Since 1980, the cover of W magazine has paid tribute to hundreds of artists, writers, photographers, and musicians.
Long before everyone was on Instagram, Tumblr, or Snapchat, there was the W magazine cover — a time capsule of the people and places that marked a new cultural moment, a setting for changes in cultural taste and behavior. The first cover that captured the attention of the New York City art community happened not in 1980, but in 1956, when Alexander Calder took a stand against racism by not wearing a jacket; he was rebelling against the “stocky, sickly American man,” as he called him.
One of the most iconic W covers ever is that of the late artist Yoko Ono, who — along with John Lennon — is part of a group of friends known as the “Vogue family” that the magazine features on its covers. “Yoko Ono will not be photographed in a red or black wig,” the cover reads. “Yoko Ono will not wear a face mask. She will not go out and steal a bag of potato chips or wear a hoodie. Yoko Ono is naked. She is defying stereotypes and defying conventions of beauty. Yoko Ono is a female Statue of Liberty. She will become naked again.”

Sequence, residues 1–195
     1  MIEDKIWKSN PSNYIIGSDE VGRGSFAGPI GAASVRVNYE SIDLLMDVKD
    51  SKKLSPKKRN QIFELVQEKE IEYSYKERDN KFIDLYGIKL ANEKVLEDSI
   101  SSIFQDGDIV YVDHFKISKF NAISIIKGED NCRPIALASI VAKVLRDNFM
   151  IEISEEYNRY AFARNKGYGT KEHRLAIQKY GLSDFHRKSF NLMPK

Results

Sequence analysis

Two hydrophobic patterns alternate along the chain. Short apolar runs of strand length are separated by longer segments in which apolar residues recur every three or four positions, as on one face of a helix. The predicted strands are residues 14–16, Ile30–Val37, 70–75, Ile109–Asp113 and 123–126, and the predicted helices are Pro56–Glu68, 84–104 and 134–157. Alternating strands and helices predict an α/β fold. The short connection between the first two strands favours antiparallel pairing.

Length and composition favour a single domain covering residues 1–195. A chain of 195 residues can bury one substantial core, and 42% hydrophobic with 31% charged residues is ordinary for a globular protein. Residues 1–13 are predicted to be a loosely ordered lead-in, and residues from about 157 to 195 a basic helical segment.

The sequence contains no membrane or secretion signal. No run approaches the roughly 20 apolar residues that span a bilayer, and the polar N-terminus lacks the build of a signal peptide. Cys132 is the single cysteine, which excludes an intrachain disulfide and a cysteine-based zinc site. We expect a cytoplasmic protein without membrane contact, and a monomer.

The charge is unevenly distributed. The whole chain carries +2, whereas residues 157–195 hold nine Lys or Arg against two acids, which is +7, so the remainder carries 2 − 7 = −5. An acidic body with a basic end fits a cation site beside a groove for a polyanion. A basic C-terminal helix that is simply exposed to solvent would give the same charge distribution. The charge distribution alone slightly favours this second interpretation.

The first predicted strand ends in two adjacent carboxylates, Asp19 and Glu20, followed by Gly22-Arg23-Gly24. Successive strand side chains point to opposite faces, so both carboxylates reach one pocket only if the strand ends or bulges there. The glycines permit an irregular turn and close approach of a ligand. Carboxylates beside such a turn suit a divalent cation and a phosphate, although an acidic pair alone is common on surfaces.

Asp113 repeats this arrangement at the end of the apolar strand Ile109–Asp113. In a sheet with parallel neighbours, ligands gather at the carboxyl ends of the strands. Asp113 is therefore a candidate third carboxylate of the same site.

But that image of defiance, often bemoaned as a harbinger of feminism, also stems from an aesthetic aversion to masks, a fashion choice even Ono herself once described as “Vogue’s style of being sexy.”
For instance, Ingrid De Landrut is a pioneer of the “Naked Anti-Face Cover.” She chose to go au natural on her W cover in 1999. She later wrote in The New York Times that her main motivation for removing her makeup was, in part, a protest against the airbrushed covers she often saw in those days. “The new cover policy at W magazine, on the other hand, is a reaction to the inherent ‘trademark’ of clean-faced young women,” she said.
De Landrut also sparked the New York Times trend column this year, though her reasons for working in the nude were different: “It’s simple,” she said. “I hated wearing a mask.”
Join the conversation, and let us know what you think. What is your ideal cover for W?